Dictionary of National Biography, 1885-1900/Hoskins, Anthony
HOSKINS, ANTHONY (1568–1615), jesuit, a native of Herefordshire, was born in 1568. He entered the English College at Douay 17 April 1590, but the next year passed into Spain, where in 1593 he became a member of the Society of Jesus. In 1603 he came to England on the mission, and in 1609 went to Brussels as vice-prefect of the English mission in Belgium. Going again on a mission to Spain about 1611, he was vice-prefect there also. He died 10 Sept. 1615 at the English College of Valladolid. Hoskins wrote ‘A Briefe and Clear Declaration of Sundry Pointes absolutely dislyked in the lately enacted Oath of Allegiance proposed to the Catholikes of England …,’ St. Omer, 1611, 12mo. He translated the Apologies of Henry IV and Louis XIII for the Society of Jesus at Paris, St. Omer, 1611, 4to, and ‘An Abridgment of Christian Perfection,’ from the French of Alphonsus Rodriquez, St. Omer, 1612. He also modernised Richard Whytford's translation of the ‘De imitatione Christi’ of Thomas à Kempis, St. Omer, 1613, 12mo. In the two last he calls himself F. B. and B. F. respectively.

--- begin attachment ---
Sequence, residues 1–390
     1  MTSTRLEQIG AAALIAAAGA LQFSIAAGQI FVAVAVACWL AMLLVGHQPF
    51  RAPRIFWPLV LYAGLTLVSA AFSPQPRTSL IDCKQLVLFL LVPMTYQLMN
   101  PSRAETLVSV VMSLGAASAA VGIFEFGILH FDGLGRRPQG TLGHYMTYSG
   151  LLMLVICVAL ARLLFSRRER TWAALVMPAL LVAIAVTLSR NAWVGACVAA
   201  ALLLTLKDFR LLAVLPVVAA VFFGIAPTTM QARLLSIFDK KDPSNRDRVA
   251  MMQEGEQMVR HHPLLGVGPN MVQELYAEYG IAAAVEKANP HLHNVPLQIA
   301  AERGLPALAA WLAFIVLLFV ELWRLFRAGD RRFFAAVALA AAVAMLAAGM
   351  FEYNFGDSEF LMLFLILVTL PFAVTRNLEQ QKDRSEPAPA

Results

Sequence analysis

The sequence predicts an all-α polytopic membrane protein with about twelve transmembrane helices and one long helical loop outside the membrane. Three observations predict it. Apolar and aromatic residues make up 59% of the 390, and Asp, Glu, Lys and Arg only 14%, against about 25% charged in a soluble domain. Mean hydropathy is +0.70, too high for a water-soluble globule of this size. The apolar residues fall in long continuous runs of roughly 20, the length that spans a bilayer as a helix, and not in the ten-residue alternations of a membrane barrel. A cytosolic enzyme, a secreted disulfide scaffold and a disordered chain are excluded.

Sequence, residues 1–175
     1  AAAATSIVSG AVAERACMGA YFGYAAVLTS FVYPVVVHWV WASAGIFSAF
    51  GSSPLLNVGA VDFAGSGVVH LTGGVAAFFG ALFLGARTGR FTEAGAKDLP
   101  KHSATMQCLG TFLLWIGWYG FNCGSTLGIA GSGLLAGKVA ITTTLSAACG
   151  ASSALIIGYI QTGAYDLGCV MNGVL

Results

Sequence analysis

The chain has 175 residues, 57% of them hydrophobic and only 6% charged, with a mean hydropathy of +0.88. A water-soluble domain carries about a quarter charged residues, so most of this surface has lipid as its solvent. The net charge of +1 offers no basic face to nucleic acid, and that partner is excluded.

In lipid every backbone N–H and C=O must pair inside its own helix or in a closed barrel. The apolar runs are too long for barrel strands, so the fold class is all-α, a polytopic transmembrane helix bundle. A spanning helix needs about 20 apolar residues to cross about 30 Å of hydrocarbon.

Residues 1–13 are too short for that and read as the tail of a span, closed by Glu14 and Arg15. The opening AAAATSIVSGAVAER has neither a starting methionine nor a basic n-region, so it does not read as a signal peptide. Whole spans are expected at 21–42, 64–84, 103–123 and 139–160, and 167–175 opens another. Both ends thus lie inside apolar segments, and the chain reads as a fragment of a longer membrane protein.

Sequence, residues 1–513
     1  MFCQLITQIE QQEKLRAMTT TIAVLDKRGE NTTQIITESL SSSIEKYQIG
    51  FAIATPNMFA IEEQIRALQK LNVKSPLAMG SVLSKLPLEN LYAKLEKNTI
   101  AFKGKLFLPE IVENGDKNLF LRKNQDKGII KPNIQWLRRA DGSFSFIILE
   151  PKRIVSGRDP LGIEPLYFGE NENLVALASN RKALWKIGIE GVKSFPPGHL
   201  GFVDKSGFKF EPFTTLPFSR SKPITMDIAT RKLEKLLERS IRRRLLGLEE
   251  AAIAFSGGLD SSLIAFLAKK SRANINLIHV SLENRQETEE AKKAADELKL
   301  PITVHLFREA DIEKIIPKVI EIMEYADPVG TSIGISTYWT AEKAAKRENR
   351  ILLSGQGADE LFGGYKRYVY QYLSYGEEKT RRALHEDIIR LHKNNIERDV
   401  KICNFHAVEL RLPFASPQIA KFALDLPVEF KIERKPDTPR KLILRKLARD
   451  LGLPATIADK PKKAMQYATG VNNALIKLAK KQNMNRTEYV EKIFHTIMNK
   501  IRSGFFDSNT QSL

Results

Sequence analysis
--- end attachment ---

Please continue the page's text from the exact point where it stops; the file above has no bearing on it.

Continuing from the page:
[Gillow's Bibl. Dict. of English Catholics, iii. 406; Dodd's Church Hist. of England, ii. 416.]